Question: My car, a 1977 station wagon with a catalytic converter, now has more than 100,000 miles on it. Is the catalytic converter still doing what it is supposed to do? How much longer will it function well? What effect does the malfunctioning of a converter have on an engine? And what does all this have to do with air quality?--A.K.E.
Answer: Until very recently, little was known publicly about how well emission systems hold up in cars as they age and accumulate miles. Under federal regulations, emissions systems in cars are supposed to continue to do their job for at least 5 years or 50,000 miles, and auto makers must warrant the key parts of the car that control emissions, including the catalytic converter.
A recent study of emissions conducted by the Auto Club of Southern California had both encouraging and discouraging findings. The cars involved in the study were limited to those that had proper maintenance and computerized engine controls, meaning the cars are among the cleanest-running on the road.
What the Auto Club found was that fewer than 10% of the vehicles tested met the statutory (5 years or 50,000 miles) emission standard. On average, the vehicles exceeded the standard for hydrocarbon emissions by 22% and the standard for oxides of nitrogen by 34%.
The good news was that by 50,000 miles, the deterioration of the emission control systems stabilizes and the engines don't continue to get worse. In the category of hydrocarbons, for example, the deterioration in the emission control system virtually stopped after 60,000 miles. In carbon dioxide, it virtually stopped after 45,000 miles. And in oxides of nitrogen, it stopped after about 40,000 miles.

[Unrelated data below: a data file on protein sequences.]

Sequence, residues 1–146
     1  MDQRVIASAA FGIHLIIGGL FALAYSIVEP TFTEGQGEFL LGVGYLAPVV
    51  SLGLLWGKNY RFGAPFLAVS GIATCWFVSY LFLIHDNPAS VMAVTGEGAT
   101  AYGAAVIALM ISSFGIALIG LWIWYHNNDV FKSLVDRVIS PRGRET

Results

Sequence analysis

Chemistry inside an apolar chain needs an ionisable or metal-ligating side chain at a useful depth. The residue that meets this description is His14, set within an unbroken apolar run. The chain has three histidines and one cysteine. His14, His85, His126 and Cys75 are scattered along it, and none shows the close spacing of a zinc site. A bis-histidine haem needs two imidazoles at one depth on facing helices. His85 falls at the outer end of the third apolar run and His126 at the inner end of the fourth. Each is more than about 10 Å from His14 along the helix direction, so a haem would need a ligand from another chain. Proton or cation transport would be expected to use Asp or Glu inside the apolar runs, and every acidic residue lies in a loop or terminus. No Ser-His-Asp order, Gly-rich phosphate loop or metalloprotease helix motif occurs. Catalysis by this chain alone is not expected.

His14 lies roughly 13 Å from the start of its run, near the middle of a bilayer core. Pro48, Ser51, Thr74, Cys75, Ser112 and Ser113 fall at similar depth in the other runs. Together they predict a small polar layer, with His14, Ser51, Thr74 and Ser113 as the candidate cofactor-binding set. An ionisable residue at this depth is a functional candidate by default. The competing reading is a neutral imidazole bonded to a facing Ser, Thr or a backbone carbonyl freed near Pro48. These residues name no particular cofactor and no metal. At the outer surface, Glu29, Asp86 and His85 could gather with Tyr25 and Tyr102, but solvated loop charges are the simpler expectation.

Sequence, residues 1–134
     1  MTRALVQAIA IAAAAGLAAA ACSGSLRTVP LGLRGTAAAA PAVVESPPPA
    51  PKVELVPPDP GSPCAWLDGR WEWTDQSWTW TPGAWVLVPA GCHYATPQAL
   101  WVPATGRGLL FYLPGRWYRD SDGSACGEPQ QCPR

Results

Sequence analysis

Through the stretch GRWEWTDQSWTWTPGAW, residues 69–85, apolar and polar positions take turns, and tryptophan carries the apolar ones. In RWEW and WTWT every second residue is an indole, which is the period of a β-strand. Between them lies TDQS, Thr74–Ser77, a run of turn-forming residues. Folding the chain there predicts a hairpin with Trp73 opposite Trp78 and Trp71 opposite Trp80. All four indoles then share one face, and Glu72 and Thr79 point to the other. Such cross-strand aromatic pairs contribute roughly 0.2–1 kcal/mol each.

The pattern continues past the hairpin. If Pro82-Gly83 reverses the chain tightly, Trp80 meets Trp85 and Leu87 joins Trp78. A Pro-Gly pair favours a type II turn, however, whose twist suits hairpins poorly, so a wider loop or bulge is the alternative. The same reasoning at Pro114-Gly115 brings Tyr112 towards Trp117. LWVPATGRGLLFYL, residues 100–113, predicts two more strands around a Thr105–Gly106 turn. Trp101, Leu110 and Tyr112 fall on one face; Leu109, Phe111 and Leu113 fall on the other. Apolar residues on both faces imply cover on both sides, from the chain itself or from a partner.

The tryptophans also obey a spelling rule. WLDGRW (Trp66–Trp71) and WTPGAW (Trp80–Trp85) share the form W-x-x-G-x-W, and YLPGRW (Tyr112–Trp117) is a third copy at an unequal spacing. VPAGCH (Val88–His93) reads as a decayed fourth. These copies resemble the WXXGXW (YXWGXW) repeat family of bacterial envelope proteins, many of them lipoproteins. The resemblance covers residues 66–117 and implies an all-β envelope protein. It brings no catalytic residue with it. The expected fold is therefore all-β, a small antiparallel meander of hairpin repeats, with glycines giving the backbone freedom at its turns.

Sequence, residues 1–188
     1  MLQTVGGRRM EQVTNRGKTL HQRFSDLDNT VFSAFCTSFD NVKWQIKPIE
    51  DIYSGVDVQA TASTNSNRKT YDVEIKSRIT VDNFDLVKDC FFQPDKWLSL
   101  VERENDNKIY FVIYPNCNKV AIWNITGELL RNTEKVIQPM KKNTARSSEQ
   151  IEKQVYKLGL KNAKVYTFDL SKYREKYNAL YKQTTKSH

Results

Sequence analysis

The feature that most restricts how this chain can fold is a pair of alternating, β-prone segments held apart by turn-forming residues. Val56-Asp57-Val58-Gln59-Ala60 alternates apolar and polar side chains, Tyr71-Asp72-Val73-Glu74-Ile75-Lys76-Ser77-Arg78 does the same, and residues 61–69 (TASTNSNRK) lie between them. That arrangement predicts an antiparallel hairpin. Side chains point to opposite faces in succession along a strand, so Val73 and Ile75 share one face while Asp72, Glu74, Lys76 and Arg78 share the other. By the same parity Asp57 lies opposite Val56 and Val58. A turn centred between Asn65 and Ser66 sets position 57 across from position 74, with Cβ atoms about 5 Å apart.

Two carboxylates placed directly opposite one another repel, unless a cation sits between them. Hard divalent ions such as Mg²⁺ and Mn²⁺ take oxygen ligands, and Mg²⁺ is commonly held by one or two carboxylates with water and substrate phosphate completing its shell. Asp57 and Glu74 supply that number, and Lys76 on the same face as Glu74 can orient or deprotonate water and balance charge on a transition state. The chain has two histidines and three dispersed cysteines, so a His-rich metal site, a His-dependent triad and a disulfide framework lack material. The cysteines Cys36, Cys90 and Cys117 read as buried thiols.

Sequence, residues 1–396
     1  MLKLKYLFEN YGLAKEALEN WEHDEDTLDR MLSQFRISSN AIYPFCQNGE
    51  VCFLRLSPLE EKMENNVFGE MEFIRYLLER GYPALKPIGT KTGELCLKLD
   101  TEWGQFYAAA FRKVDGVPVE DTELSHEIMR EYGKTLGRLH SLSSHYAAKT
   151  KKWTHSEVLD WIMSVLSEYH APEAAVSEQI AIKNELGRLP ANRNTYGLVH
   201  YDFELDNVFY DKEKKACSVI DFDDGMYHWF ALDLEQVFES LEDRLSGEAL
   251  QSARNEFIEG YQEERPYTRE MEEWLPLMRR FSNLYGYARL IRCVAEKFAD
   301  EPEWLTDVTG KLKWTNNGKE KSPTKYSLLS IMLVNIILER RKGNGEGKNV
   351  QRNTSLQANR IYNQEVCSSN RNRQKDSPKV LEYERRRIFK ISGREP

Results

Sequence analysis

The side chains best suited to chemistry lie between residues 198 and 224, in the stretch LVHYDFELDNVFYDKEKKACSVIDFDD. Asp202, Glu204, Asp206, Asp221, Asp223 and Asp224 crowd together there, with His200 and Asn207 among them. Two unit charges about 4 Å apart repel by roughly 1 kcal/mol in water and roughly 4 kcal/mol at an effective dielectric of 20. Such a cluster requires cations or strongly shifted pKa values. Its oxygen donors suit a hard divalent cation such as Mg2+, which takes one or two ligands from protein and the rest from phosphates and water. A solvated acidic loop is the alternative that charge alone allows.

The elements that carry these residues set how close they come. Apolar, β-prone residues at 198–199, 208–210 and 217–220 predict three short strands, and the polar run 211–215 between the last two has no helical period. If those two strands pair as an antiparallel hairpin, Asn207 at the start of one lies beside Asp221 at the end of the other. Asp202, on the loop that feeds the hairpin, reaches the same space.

Incidentally, the cars that failed to meet emission standards came from virtually all manufacturers, domestic and foreign. The study looked at 67 cars; these were owned by club members, two major corporations and rental agencies.
More Serious Problem
Although the test did not include poorly maintained cars, engineering experts at the club acknowledged that emissions in these cars are a more serious problem. It is estimated that if all cars on the road in Southern California met federal standards, hydrocarbon emissions alone would be cut from the 360 tons per day currently spewed into the air, to only 180 tons per day.
"Manufacturers are capable of making clean cars," said Michael R. Appleby, the Auto Club's manager of automotive engineering. "Now, all they have to do is get the cars to meet the standards."
As for your catalytic converter, it is probably still doing its job if your car can pass an emissions test required by the Department of Motor Vehicles. The converter can hold up quite well if only unleaded fuel has been used in the engine. But even a single tankfull of leaded gasoline can ruin a converter.
In addition, a converter can be damaged by a misfiring engine, dieseling, hot flooding and an inoperative choke, among other common problems. If you are the original owner of your car, then you should have a fair idea of how the engine has been treated through the years.
The converter uses platinum to stimulate chemical reactions in the exhaust gases from your engine. The hot gases pass over a large surface area of platinum, which converts the hazardous gases to relatively benign gases. For example, poisonous carbon monoxide gases are converted to carbon dioxide by the addition of oxygen molecules.
It is difficult to say how a malfunctioning converter will affect the performance of your particular car, because all cars are different. Generally, however, a converter that no longer is working increases fuel consumption. And finally, if the converter is no longer doing its job, the effect on the atmosphere is that your car is contributing more than its fair share of that 360 tons of pollution every day.